Shimano Says: With a new carbon fiber rear pulley cage, the rear derailleur loses another 16 grams while maintaining durability and improving performance. The new design is compatible with wider range cogsets and can accommodate a maximum 28 tooth cog. The available wider range creates even better compatibility with compact cranksets.
The rear derailleur was dripping with carbon, the side plates and one of the pivots were looking decidedly stealthy. Even though I was told there was no change in the spring tension, they felt stronger. But this could have been the weight reduction giving the faster return action I could feel. A new set of pulley wheels, and a longer cage, made the chain run a little more freely through the unit. Shifting was just as good, a little snappier, but only slightly noticeable under load. Shifting up the cassette was much the same as before, but the down shifting, was a lot faster, and quite a significant change, perfect for the sprinters in the team. The combination of the cable coating, the lighter derailleur, and the greater spring tension, made shifting down as fast as shifting up the cassette, if not faster.
[PEZ Tech Ed: Longer cage, better shifting all round and 16 grams dropped.]
The Chain rings feature some aggressive new ramps.
The big chainring, half the weight, twice the strength, and hollow (made from 16 different pieces I was told). Had the most aggressive lifting ramps I had seen for a while on a road crank, very much like you would see on their mountain bike equivalent XTR. More forward facing teeth (though you couldn’t tell), and a new fixing system for the chainrings, were other new features. It has to be a mechanic’s design, but the new single bolt (torx bolt, threading into the outer ring from the inside) fixing method was a dream to work with. We were using our own SRM cranks on the bikes, and the rings fit perfectly, and easily. I am sold already on these, having numerous rings bite me bad, over the years.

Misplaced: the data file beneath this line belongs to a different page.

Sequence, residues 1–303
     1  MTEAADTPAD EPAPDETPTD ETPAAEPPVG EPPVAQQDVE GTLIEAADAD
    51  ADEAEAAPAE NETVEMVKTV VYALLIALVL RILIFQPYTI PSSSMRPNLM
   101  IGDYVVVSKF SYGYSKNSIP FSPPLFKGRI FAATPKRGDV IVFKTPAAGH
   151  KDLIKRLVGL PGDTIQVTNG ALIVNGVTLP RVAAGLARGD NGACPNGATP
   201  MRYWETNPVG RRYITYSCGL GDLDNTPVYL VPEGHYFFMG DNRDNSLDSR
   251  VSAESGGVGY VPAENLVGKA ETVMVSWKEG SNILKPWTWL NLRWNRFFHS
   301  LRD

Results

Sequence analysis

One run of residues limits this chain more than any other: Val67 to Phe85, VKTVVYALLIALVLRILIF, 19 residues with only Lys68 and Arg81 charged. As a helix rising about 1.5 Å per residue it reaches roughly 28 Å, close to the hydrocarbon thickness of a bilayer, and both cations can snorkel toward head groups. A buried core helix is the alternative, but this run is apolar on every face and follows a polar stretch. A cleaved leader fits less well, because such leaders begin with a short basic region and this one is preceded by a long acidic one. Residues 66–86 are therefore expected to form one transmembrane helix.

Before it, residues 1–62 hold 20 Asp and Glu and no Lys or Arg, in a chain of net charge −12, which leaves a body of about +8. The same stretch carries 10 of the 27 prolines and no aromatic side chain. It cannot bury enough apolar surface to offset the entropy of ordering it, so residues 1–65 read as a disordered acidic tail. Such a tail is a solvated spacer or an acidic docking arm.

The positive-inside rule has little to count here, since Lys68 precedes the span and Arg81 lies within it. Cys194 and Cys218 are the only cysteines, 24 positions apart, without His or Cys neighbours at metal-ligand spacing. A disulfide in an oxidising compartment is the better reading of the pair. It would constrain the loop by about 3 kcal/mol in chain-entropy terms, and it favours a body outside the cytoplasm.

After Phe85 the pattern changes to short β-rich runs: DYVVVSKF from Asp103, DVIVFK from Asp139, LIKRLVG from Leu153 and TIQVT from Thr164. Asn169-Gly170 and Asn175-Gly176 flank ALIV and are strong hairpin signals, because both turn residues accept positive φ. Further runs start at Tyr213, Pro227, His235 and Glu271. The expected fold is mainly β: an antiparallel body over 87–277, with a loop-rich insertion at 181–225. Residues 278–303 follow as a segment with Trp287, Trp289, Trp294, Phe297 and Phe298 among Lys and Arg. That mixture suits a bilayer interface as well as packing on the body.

The combination of the ramps, single sided chain, and the new lever, was enough anyway, I was hooked.
The ‘yet to arrive’ crankset now comes in regular and compact versions.
NOTE: – The full crank set was not available at time of writing, and Highroad received only the chainrings. Shimano reports “The iconic Hollowtech II hollow forged crank has always been a benchmark for strength to weight performance characteristics and is the perfect platform for a crank intended to be used at the highest echelon of competition. Combined with a hollow outer chainring the crankset is 20% stiffer for optimal power transfer while still saving 15 grams. Other changes include redesigned chainring teeth for better contact and power transfer. Improved bottom bracket seals further reduce contamination and friction.”
• CS-7900 Dura-Ace Cassette
Shimano Says: Shifting has been even further improved by creating an even more rigid (and lighter) aluminum carrier unit along with re-engineered teeth profile. Cassette design is lighter as Shimano has developed a super lightweight and rigid aluminum cassette sprocket carrier. The largest four cogs are titanium and weight is reduced by 10 grams. Available combinations will be: 11-21T, 11-23T, 11-25T, 11-27T, 11-28T, 12-23T, 12-25T, 12-27T.